The Pagan celebration of Winter Solstice (also known as Yule) is one of the oldest Winter celebrations in the world.
The Winter Solstice falls on the shortest day of the year and was celebrated in Britain long before the arrival of Christianity. The Druids (Celtic priests) would cut the mistletoe that grew on the oak tree and give it as a blessing. Oaks were seen as sacred and the winter fruit of the mistletoe was a symbol of life in the dark winter months. It was also the Druids who began the tradition of the Yule log. The Celts thought that the sun stood still for twelve days in the middle of winter (hence the 12 days of Christmas) and during this time a log was lit to conquer the darkness, banish evil spirits and bring luck for the coming year. Many of these customs are still followed today and have been incorporated into the Christian and secular celebrations of Christmas.
Holly was thought to be important because it retains its greenery right through the winter months, and as such is a symbol of Summer life in the Winter starkness. Holly was the male symbol of this greenery, and Ivy was the feminine, the two often placed together as a symbol of fecundity at the dark end of the year. There was also a belief that evergreen plants and trees were refuges for the woodland spirits through the winter months. The Christmas tree may have also been a symbol of the above aspects, although Whistler in his 'English Festivals' suggests that the tree is a carry-over from the Roman festival of Saturnalia, when pine trees were decorated with images of Bacchus. The tradition of setting up a Christmas tree within the home is generally traced back to Prince Albert who started the practice in 1841.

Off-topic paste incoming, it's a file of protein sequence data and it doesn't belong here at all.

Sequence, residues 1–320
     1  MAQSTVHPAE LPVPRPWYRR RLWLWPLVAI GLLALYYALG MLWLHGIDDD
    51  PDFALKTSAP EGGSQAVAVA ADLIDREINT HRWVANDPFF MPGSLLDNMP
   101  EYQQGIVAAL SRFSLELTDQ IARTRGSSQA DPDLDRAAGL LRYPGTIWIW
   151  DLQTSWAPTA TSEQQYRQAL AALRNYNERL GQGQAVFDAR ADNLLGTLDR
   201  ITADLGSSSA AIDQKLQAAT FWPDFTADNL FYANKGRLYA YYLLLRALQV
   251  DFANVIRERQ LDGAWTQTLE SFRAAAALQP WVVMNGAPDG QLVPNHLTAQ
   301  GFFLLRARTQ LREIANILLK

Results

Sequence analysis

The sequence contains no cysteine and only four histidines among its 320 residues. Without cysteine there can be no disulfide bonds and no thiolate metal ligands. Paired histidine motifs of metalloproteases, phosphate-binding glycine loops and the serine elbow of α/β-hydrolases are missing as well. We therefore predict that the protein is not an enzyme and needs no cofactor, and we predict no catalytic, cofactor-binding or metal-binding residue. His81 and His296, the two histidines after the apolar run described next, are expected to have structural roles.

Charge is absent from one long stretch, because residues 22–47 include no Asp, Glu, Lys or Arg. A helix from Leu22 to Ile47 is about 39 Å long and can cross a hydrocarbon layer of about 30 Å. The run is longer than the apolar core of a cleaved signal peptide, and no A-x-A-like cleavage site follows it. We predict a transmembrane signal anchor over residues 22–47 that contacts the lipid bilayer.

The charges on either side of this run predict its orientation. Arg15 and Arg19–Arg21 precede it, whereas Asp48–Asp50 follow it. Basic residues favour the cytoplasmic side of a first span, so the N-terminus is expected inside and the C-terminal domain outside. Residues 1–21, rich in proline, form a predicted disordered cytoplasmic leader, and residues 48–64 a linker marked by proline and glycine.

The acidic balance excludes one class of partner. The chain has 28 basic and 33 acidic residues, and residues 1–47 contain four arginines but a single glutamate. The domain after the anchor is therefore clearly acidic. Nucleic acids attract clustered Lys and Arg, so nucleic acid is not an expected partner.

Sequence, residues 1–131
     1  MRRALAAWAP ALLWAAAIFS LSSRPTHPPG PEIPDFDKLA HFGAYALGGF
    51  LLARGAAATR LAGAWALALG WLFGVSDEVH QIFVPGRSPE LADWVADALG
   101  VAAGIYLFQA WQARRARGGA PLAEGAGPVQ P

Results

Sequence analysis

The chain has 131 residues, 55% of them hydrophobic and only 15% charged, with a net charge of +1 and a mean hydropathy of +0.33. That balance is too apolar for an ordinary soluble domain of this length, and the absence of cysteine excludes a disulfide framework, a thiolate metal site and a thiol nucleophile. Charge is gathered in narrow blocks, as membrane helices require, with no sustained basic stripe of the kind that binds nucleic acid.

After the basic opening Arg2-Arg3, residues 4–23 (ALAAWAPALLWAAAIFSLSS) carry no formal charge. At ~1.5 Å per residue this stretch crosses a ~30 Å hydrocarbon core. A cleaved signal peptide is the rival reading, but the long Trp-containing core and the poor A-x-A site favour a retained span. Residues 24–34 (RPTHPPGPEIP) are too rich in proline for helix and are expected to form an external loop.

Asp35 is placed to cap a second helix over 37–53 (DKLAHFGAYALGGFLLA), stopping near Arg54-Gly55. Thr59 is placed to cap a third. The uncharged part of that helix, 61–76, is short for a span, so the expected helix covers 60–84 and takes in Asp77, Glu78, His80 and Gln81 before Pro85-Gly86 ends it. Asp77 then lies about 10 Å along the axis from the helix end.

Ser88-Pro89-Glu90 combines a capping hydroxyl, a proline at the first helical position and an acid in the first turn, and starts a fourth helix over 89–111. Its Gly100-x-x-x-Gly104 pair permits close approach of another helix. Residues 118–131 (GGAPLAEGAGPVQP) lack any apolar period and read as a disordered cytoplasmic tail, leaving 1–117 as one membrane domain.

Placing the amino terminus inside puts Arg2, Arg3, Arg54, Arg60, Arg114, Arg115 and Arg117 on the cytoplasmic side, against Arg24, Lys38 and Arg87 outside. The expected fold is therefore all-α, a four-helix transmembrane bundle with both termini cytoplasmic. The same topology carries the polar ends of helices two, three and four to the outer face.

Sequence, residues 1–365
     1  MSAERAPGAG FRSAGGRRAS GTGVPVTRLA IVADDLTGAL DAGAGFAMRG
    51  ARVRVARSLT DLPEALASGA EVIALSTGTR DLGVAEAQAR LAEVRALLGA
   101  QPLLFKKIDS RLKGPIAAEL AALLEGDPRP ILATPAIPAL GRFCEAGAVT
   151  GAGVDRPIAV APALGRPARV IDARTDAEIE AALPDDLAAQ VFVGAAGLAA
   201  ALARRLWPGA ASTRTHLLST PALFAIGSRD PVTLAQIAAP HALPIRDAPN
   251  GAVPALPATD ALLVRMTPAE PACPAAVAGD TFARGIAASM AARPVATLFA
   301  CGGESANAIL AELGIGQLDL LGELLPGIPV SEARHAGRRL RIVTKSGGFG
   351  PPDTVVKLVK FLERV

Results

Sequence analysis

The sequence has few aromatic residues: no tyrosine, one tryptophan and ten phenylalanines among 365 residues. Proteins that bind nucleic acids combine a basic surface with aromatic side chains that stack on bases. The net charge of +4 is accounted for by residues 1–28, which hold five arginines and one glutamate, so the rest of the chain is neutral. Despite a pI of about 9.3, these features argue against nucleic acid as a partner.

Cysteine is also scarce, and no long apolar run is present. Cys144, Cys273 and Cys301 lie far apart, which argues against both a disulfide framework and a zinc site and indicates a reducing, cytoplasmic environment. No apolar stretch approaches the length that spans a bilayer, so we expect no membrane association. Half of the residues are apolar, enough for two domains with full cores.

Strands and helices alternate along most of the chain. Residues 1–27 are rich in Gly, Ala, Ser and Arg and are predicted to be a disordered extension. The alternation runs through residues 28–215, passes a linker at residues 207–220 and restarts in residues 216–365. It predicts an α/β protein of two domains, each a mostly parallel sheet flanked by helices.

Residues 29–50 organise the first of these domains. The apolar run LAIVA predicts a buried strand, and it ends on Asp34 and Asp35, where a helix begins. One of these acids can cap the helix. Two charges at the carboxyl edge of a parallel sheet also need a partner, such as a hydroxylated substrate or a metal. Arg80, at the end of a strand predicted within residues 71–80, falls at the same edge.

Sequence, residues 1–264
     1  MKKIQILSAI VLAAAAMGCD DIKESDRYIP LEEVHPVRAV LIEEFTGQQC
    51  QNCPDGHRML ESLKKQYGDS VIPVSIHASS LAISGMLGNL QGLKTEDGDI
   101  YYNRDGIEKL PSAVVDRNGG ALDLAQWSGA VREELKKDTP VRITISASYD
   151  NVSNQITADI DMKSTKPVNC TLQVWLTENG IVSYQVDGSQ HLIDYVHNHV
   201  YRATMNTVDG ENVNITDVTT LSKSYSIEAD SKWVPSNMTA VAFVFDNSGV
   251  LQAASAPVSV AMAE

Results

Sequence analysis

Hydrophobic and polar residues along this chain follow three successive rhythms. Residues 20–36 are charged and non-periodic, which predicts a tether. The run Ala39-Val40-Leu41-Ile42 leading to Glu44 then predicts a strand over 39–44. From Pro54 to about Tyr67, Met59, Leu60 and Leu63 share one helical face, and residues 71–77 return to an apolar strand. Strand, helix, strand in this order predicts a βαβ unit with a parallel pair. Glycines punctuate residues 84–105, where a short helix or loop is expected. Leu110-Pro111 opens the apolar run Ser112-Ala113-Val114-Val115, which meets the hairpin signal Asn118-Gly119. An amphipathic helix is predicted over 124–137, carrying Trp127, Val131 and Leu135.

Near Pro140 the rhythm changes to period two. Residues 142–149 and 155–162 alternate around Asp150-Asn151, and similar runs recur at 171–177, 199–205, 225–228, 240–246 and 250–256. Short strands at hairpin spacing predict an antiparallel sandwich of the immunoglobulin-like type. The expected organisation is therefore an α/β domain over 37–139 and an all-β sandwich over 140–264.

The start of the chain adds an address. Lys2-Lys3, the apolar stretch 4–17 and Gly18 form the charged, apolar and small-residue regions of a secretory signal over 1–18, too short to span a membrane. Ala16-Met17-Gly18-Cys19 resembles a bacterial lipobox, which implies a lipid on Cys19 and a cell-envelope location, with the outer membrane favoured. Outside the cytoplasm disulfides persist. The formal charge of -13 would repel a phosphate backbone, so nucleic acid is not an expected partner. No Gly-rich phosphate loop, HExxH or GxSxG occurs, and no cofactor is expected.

The Norsemen of Northern Europe saw the sun as a wheel that changed the seasons. It was from the word for this wheel, Houl, that the word Yule is thought to have come. At mid-Winter the Norsemen lit bonfires, told stories and drank sweet ale. The ancient Romans also held a festival to celebrate the rebirth of the year. Saturnalia ran for seven days from the 17th of December. It was a time when the ordinary rules were turned upside down. Men dressed as women and masters dressed as servants. The festival also involved decorating houses with greenery, lighting candles, holding processions and giving presents.
This year, the Winter Solstice falls on the 21st of December, at 12.04pm.
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